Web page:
During 1938, the Batista government initiated a series of reforms that involved the restitution of political and civil rights that are central to the functioning of representative democracy. The process began in December 1937, when a government decree of amnesty resulted in the release of 3,000 political prisoners. In 1938, the government ratified the autonomy of the University of Havana, a long-standing demand of the student movement; announced the postponement of the Plan for Social-Economic Reconstruction, which had been rejected as demagoguery by the popular movement (see “Batista takes control” 8/18/2014); and announced its decision to convoke a Constitutional Assembly, another long-standing demand of the popular movement. In addition, Batista met with Ramón Grau San Martín, the head of the Authentic Cuban Revolutionary Party, and Grau agreed that his party would abandon its persistent policy of abstaining from elections. And on September 13, 1938, the Communist Party of Cuba and other organizations were legalized, so that the PCC could now conduct its work of organization and popular education openly and without fear of repression (Chang 1998:372).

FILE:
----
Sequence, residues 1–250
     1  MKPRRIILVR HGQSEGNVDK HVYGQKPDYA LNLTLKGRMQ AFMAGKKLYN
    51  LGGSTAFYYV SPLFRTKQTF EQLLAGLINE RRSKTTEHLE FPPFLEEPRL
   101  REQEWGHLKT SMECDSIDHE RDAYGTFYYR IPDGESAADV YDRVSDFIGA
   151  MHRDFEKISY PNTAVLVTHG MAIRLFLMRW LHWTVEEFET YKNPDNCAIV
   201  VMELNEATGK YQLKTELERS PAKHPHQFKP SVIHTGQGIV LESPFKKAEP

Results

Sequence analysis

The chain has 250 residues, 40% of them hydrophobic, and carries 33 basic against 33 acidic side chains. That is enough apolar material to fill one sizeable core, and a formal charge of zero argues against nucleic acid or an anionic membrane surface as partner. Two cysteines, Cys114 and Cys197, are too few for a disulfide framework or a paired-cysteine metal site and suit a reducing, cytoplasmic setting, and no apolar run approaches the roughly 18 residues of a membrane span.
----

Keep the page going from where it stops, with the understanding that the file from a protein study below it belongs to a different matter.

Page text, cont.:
Various factors pushed Batista toward a democratic opening. First, the usurpation of power by Batista and the military had generated opposition from the Cuban oligarchy, on whom he was dependent for support. He therefore needed to make concessions to the civilian political actors that represented the interests of the bourgeoisie. Secondly, during 1936 and 1937, Batista had been developing fascist structures. But this move toward fascism could not reach its culmination, as a result of the changing world situation. The emergence of fascism in Europe was giving rise to a global conflict between fascism and democracy. Cuba, totally dependent on the United States, had to ally itself with the democratic camp and participate in the emerging global anti-fascist front. Thirdly, on August 17, 1937, Jefferson Caffery was replaced by J. Butler Wright as US ambassador to Cuba. Whereas Caffery had close ties with Batista, Wright was more attentive to the interests of other sectors in the development of US policy. Fourthly, the popular movement was growing in strength, in spite of the repression and demagoguery of the regime. The opening of political space for the popular movement was necessary for political stabilization (Chang 1998:371-72).